Drug company Merck, maker of cholesterol medicines that rake in billions, faced accusations that it did not release “bad news,” as the Associated Press characterizes it, about its cholesterol drugs Zetia and Vytorin.
It turns out that the cheap cholesterol pills do the job just as well – but Merck was keeping this information close to the vest.
If this had gotten out, what could it have meant to Merck?
It meant a drop in sales of the much-pricier Zetia and Vytorin.
But it did get out (after Merck finally released the results of the study after two years), allowing Merck to enjoy good sales until then. And sales indeed dropped. Outraged investors sued Merck, which led to a recent $688 million settlement.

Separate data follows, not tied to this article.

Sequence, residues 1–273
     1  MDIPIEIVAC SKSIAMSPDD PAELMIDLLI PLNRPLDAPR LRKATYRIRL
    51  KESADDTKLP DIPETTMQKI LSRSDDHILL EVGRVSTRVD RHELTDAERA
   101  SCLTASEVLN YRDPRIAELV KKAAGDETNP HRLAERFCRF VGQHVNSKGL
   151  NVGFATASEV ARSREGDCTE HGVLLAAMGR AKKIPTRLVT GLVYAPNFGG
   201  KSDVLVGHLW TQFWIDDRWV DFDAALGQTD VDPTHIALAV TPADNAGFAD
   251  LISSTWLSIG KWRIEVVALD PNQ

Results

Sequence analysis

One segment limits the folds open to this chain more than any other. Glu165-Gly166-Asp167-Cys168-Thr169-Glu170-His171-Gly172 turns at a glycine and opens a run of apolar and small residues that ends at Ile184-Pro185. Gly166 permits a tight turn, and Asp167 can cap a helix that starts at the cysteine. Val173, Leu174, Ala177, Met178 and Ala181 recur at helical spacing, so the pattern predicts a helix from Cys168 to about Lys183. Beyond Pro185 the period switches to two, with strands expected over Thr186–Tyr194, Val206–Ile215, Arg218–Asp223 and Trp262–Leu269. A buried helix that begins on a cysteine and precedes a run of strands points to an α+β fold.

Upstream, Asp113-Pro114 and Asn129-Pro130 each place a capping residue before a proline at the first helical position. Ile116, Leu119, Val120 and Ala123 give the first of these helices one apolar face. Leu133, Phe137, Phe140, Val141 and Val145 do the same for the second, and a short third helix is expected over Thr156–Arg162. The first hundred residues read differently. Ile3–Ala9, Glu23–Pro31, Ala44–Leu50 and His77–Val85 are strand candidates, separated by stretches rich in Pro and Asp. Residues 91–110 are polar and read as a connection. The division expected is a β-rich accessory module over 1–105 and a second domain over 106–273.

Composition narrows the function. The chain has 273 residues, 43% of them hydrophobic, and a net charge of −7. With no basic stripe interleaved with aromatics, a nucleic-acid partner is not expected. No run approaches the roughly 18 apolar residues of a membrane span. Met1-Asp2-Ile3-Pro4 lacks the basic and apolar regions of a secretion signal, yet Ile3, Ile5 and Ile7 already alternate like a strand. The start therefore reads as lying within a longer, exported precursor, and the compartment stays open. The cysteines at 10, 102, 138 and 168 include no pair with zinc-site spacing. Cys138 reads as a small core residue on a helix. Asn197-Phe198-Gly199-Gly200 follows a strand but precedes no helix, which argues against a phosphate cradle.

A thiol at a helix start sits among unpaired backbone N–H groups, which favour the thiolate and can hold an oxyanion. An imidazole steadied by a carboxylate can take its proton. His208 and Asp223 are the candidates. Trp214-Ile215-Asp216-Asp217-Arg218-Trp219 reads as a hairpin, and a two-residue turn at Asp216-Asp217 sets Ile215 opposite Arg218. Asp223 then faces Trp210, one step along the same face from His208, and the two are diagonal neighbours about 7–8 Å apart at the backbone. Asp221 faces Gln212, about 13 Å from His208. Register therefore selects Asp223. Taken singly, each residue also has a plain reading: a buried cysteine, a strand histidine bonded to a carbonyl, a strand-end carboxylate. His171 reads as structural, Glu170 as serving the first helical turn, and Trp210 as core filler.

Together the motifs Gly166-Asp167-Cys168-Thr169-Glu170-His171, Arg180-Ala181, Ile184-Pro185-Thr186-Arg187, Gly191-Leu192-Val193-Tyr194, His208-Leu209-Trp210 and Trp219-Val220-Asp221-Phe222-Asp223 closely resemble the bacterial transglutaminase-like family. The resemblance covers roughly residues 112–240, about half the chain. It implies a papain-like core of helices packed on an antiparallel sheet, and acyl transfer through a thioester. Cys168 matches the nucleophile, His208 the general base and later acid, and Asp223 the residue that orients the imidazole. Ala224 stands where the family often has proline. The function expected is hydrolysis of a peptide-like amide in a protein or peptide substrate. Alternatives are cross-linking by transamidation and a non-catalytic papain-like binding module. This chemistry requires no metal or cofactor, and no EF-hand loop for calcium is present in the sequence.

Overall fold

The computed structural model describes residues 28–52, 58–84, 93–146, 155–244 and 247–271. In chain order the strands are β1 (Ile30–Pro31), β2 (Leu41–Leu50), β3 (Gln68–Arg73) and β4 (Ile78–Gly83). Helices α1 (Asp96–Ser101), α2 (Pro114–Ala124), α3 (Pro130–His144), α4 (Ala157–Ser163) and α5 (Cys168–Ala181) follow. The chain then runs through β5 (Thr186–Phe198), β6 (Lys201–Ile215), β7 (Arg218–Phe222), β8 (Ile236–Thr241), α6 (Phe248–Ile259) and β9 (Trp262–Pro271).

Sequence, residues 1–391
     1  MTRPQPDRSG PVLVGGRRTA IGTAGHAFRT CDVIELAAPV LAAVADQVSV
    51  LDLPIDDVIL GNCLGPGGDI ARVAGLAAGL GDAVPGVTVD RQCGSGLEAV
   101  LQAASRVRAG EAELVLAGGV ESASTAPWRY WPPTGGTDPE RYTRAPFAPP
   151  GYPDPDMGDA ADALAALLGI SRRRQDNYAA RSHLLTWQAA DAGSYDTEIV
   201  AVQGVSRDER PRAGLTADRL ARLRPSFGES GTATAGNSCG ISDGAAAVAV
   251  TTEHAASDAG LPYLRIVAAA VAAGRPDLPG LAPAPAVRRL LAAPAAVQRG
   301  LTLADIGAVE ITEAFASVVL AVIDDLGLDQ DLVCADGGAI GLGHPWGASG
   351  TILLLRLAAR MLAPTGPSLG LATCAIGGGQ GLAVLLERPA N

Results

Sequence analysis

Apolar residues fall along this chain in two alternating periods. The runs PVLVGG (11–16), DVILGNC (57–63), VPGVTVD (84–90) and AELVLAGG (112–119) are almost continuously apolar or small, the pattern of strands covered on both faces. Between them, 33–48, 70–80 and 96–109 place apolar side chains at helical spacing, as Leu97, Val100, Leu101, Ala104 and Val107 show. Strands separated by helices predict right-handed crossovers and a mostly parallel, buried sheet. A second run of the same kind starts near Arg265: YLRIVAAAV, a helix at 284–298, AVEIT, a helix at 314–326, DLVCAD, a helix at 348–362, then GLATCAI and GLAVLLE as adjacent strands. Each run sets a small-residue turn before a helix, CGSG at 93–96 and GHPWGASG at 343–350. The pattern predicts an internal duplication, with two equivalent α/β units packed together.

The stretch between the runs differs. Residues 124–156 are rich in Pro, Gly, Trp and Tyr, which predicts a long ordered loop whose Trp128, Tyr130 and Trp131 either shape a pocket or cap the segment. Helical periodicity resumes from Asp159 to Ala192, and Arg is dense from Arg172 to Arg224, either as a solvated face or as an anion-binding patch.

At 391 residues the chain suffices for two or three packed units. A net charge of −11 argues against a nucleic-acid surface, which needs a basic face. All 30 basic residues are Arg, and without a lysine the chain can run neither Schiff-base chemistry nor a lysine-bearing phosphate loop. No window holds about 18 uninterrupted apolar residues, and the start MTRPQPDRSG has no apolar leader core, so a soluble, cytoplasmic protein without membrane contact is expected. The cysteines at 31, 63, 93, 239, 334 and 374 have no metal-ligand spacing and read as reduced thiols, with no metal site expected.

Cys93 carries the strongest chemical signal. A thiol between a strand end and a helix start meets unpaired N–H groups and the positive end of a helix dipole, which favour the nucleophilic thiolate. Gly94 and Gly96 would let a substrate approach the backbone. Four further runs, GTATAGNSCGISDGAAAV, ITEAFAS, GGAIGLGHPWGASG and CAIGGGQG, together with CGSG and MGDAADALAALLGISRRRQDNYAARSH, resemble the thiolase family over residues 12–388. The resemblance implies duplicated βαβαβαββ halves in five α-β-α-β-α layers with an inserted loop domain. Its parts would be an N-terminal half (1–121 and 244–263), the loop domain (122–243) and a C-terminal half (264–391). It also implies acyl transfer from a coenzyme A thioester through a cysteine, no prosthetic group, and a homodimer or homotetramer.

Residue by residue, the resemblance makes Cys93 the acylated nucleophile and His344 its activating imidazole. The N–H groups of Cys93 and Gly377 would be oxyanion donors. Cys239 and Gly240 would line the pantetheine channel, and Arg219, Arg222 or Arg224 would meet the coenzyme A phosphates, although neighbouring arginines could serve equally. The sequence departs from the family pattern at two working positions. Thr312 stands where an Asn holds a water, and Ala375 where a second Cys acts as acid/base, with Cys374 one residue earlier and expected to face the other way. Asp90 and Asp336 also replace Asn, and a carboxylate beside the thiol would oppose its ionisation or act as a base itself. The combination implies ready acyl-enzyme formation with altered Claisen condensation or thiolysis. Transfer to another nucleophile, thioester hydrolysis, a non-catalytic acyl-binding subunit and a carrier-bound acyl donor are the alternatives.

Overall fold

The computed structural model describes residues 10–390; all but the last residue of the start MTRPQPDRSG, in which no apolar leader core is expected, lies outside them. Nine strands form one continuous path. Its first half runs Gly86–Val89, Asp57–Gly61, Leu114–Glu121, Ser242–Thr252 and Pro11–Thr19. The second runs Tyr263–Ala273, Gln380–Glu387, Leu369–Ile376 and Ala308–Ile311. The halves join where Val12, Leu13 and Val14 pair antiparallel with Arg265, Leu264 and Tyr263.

While this case is not an example of defective drugs, it’s still a great example showing that good sales are more important than the truth. And this mentality often bleeds over into cases involving defective drugs, too.
At Tyler & Peery, our law firm handles a wide variety of defective drug claims, including drugs like diabetes drug Actos (made by Takeda Pharmaceuticals in Japan) and the blood thinner Pradaxa (made by German firm Boehringer Ingelheim).
To learn more, please visit our San Antonio defective drugs page.